We’ve briefly watched the savings and loan (thrift) segment of the U.S. banking business implode. It didn’t take long: The dominoes began teetering in 1987, and it was all over by 1990. A major segment of the U.S. banking business had effectively ceased to exist after 175 years of financing housing for Americans.
Some 550 thrifts failed, and 403 S&L execs were convicted of fraud. The remaining institutions scrambled to distance themselves from the carnage and stigma of having been in the thrift business. Institution names were changed to “savings bank,” or simply “bank.” But the thrift charter, effectively the license to do business issued by the federal deposit insurers, stayed the same. And that charter had, and still does have, one feature that played a part in the coming of the Great Meltdown in 2008: It allows a thrift to load up on home mortgages. The biggest bank failure in U.S. history, Washington Mutual (WAMU), a thrift, occurred in 2008, a result of home loans gone bad.
The closure of the failed thrifts was by no means the end of the saga, at least for the hapless U.S. taxpayer. To dispose of billions of dollars worth of property and real estate loans, the government formed the Resolution Trust Corp., an entity charged with marketing everything from failed banks to typewriters. This federal entity was staffed by a combination of banking regulators and employees of failed institutions. The inefficiency of its operation was notorious, and the source of some great stories, if you find big governmental boondoggling risible. There have some very good books written about the RTC, but these two examples will probably give an idea of the sausage being made by the outfit:
In one instance, a builder tendered a bid to the RTC on some land for development, which was rejected. He reworked the presentation, and offered less. It was accepted; who knows why. Maybe the first RTC analyst had moved on to a new job in banking.
And the following incident was typical of the RTC marketing acumen:
The office building of a failed thrift in a resort community, even back then a very valuable piece of real estate, was put on the market. In a matter of days, the winning bidder had flipped the property for an embarrassingly healthy profit, which went into the pocket of the seller, not the U.S. taxpayers.
Laws were passed. Among them, the Bank Bribery Act and the big dog legislation, the Financial Institutions Reform, Recovery and Enforcement Act (FIRREA). It was a wide-ranging piece of legislation that, among other things, set down civil money penalties for bankers, and laid out strict guidelines for real estate appraisals. It was the Dodd-Frank Act of the 20th century, designed to make certain nothing like the collapse of the S&L industry ever, ever should happen again. As we now know, it was no more effective in that role than the Treaty of Versailles was in preventing World War II, and probably as successful as Dodd-Frank will be in obviating the next banking crisis.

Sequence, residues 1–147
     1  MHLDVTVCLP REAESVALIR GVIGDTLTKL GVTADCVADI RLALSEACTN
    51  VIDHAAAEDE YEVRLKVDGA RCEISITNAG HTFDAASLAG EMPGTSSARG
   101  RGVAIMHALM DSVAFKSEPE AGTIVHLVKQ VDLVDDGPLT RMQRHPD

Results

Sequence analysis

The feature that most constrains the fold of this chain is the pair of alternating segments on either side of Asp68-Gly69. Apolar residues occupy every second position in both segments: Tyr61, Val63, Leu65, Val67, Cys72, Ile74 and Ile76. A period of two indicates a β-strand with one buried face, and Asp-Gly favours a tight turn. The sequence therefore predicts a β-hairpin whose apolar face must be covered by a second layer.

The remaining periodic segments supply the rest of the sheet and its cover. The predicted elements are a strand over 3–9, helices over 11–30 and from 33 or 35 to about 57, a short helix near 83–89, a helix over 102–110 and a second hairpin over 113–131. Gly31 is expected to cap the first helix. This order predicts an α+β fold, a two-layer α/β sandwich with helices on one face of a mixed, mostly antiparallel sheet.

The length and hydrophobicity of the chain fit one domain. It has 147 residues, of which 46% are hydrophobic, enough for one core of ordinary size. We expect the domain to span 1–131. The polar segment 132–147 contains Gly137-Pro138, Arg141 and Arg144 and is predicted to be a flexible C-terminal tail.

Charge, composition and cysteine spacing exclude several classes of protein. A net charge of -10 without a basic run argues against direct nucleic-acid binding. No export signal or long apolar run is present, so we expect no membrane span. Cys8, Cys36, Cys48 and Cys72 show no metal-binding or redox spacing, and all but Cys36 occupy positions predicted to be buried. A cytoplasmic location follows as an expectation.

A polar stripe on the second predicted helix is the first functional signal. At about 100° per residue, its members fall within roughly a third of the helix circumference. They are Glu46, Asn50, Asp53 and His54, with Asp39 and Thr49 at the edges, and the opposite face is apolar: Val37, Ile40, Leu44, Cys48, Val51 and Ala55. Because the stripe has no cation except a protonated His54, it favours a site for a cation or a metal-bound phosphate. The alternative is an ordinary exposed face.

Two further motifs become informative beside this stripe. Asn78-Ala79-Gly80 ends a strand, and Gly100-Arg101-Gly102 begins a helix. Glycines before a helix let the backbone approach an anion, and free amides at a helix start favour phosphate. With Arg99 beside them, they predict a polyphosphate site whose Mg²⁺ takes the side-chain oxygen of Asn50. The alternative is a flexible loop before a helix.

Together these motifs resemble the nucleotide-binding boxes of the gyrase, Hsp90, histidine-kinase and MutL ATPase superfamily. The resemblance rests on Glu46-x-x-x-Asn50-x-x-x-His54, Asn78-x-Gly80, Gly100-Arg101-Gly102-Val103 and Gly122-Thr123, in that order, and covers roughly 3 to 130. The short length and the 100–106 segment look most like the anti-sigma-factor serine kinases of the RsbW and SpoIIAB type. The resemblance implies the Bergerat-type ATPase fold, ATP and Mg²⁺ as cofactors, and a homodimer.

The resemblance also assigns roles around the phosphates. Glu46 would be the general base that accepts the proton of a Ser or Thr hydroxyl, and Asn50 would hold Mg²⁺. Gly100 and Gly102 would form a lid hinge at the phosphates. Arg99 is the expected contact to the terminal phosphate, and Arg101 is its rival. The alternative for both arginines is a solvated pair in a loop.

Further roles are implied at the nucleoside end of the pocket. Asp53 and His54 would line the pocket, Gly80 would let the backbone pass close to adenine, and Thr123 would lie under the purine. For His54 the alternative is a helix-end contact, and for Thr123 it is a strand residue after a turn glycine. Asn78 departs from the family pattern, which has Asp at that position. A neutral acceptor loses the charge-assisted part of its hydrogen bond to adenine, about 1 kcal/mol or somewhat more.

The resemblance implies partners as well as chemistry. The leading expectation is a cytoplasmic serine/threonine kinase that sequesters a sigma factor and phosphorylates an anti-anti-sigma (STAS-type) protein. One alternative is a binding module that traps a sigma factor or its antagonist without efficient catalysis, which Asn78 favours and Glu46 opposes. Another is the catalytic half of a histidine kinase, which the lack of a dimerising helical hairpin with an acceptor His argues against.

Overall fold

Because you can’t legislate away human nature; you can’t regulate greed and hubris.
But it didn’t matter, because the seeds of the Financial Crisis of 2008 were planted and thriving. The secondary mortgage market had been around for a long time. The Government National Mortgage Association (Ginnie Mae), a U.S. government enterprise, had been packaging VA guaranteed loans into securities since 1946. Fannie Mae, which specialized in buying and securitizing FHA and VA loans, and, later, Freddie Mac, which was formed to make a market for conventional mortgages, those not guaranteed by the U.S., were well on their way to becoming massive conduits of paper backed by this nation’s home mortgages. Beginning in the late ‘80s, private banking operations such as Merrill Lynch and Bear Stearns began buying and securitizing single family residential mortgages. It was very profitable for the producers and exceptionally attractive to investors.
For the perception was that there simply was no investment that could compare to these securities in safety and yield. This view was underscored by the reputation of Fannie and Freddie, which was so solid that regulators actually permitted insured financial institutions — banks, thrifts and credit unions — to count the stock of the two enterprises as cash on an institution’s balance sheet.
The worldwide appetite for U.S. mortgage-backed securities was ravenous, and all hands turned out to satisfy the hunger, including Fannie and Freddie. It didn’t really take very long for the banking business to drive off the bridge; only about 21 years separated the S&L debacle from the 2008 crash. Exactly the same time between the two World Wars.
As in the case of the thrift implosion, the cause of the Great Meltdown was just too much money on the table, always the major underlying illness that puts banking on a ventilator and eventually into oblivion. But this time the money people and adjunct professionals, such as Realtors, appraisers and loan originators, had help: borrowers.
That’s right. There was so much loot available for the taking that homeowners got into the act and became unindicted co-conspirators.
Next: The Great Meltdown, proving that we Americans can achieve almost anything when we work together. Don’t miss the Grand Finale.
Pat Dalrymple is a western Colorado native and has spent more than 50 years in mortgage lending and banking in the Roaring Fork Valley. He’ll be happy to answer your questions or hear your comments. His email is email@example.com.